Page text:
This is reflection two.
When interviewed, many mothers use the word “shock” to describe their initial feelings of being mothers. Why? Because your entire life changes 180 degrees in a moment. I relate it to culture shock. Suddenly, you are solely responsible for a little being, a little being that is needy and freaked out and can do very little without you. Even if you’ve cared for children before, there is a certain amount of uncertainty and awkwardness when getting to know your own child. What if I break him? Is he still breathing? How can I stop his crying? And, in all things concerning the child, the buck stops with you. This means that the weight of your life and your decisions, feels heavier because a small helpless person will receive that which you cannot carry.
The culture of a new mother completely shifts, and this can create feelings of loneliness for many women. Being independent before, now it takes significant planning to get you and the baby to an appointment without being out of sorts. Friends may not understand you anymore (and you may have difficulty connecting to them now as well). Many old activities aren’t conducive to having a newborn (like surfing… that one’s hard to do). Suddenly, your husband is talking to you and you don’t hear him because you’re thinking about the baby. When you go to the store and your time triples because you brought a baby. If you take a shower, it gets cut short because of a crying baby… Suddenly, the woman’s mind is working double time to figure out how to do basic things with a baby in tow. In addition, the woman is, for a time, dependent on others for survival (depending on the kind of birth she had and how she intends to make money after the baby is born). A once independent person, now has a youngster clinging to her and relying on her for nurturing and sustenance. Granted, as the mother develops skill and an understanding of her baby, she can work through many of these issues, but the initial shock in the first few weeks is very strong.
Many American women are raised by parents and school systems to be workers, not mothers. We go through school learning arithmetic, science, and writing. I think that is fantastic, and I enjoyed learning all of those things. What happened to the Home Economics type classes that used to be offered? These classes taught young boys and girls how to raise children, prepare meals, handle finances, maintain a home. Why are these types of life skills not an educational requirement anymore? It seems that school has prepared us for working, but not for parenting or other life skills. What then, of the men and women who did not have strong parenting figures growing up? They are left to grapple and muddle through fatherhood and motherhood, kind of playing it all by ear or seeking advice from friends and experts.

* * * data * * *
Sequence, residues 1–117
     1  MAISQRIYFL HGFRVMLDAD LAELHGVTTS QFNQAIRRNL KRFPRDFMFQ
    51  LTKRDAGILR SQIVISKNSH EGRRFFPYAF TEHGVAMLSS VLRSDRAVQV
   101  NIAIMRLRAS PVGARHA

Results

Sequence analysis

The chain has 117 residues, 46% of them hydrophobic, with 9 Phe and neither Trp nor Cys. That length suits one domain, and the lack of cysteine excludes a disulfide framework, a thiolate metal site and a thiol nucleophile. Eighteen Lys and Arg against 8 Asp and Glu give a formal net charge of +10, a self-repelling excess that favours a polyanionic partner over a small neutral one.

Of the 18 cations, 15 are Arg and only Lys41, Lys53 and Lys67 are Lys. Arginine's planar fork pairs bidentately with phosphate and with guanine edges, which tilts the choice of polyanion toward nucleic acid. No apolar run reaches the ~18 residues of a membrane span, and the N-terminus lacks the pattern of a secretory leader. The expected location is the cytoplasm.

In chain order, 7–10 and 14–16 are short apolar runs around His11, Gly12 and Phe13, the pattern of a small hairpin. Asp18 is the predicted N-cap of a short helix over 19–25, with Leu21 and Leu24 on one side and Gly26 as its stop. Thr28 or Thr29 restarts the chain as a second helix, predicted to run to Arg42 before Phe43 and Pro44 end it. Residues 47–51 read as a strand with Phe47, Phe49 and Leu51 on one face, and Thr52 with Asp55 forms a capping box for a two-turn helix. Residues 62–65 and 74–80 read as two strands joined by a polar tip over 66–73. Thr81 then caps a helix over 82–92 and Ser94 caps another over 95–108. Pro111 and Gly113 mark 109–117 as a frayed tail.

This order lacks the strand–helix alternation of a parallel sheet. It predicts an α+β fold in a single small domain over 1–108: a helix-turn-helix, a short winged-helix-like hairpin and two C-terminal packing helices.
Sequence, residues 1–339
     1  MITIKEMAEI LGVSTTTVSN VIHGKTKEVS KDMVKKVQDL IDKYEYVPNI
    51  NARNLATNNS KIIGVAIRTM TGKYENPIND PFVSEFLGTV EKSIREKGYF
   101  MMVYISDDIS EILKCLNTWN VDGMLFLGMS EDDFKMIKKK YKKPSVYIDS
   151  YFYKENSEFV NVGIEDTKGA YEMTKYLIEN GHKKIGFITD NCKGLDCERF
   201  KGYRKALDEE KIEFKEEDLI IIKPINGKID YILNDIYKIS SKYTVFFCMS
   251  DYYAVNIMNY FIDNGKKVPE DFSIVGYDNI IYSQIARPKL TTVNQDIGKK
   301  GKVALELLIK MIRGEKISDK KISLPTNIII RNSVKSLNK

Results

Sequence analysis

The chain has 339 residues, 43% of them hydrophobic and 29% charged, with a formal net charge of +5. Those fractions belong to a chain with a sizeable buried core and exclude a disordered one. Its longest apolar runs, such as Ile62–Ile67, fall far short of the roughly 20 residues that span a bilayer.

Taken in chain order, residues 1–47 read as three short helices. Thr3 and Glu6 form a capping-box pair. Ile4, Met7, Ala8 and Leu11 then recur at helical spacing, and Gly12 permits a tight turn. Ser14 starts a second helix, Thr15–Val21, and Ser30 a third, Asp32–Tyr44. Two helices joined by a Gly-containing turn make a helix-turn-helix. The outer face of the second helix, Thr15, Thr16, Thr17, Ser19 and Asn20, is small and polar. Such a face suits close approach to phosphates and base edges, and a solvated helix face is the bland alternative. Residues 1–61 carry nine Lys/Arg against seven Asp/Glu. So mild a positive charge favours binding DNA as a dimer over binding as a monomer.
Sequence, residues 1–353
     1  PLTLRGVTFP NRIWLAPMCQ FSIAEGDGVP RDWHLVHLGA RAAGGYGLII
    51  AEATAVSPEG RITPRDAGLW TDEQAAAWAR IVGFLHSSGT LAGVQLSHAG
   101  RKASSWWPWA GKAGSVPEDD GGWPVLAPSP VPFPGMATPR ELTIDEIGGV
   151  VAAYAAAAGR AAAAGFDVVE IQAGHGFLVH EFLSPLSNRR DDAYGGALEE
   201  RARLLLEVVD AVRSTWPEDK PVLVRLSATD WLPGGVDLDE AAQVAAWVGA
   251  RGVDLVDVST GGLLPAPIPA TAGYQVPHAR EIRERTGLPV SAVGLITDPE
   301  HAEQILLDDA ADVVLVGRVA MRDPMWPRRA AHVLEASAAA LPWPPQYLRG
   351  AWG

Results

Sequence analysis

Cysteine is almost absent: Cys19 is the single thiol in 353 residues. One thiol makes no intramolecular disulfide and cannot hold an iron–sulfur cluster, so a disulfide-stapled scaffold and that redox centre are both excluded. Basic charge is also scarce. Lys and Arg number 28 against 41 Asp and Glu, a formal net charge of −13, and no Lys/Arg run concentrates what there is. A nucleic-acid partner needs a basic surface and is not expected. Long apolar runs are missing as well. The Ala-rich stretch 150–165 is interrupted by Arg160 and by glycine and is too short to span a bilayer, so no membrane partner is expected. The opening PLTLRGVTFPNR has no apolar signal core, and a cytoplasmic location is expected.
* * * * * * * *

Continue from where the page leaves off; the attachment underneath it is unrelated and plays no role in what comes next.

I still remember when Josh and I brought Caleb home from the hospital. He was in his car seat, we brought him in the house, and were both like, “Okay… now what?” Caleb was sleeping at the time. Josh immediately started organizing our house (cleaning, going through the mail, etc.) and I started ridding our home of all signs of pregnancy (maternity clothes, the giant pillow I slept with, etc.). That was so weird. Then Caleb woke up and I was like, “Okay, I guess I should feed him.” We muddled through, which was probably the best way to do it. It was so weird. Even though I had read books and we had taken classes and we both had great parental role models, it all felt so foreign to us. Eventually, we established more of a rhythm and routine for our house, so there was more predictability. But, man, those first few days were so bizarre.
The next thing that I did not prepare for was the division of friends. Suddenly, people who used to be great friends, seemed judgmental of your parenting decisions or didn’t understand how things changed for you because you had a newborn. My mom even mentioned to me that they lost several friends after their first child was born because they couldn’t understand why they didn’t just dump my brother off with a sitter so they could party all night. Yeah, let’s see you leave your newborn baby with a clueless teenager! I even am finding my own opinions on parenting very strong. For example, I can’t stand to hear a baby cry and will attempt to comfort the baby as much as I can. Others believe in the “cry it out” method, which drives me nuts! Again, I just can’t stand the thought of a baby crying alone. But, are parents who do that “bad” parents? Should I really cast my judgment on them, even though they are just trying their best to grapple through parenthood the same as me? I am learning to feel confident in my parenting style without casting unnecessary judgment on others.
The funny thing about experiencing the parent shock is how the opinions you had before becoming a parent, may shift drastically after having children. This experience makes for books like I Was a Better Mother Before I Had Kids and I Was a Really Good Mom Before I Had Kids. I have already found that many of my pre-baby opinions about parenting and being a stay-at-home mom are pretty much worthless. Clean house? Ha! Dinner on the table for my husband? I’m happy if I brushed my teeth some days. Thought I’d ease smoothly into parenthood? Nope. But I’m loving every minute of it.
This is reflection two.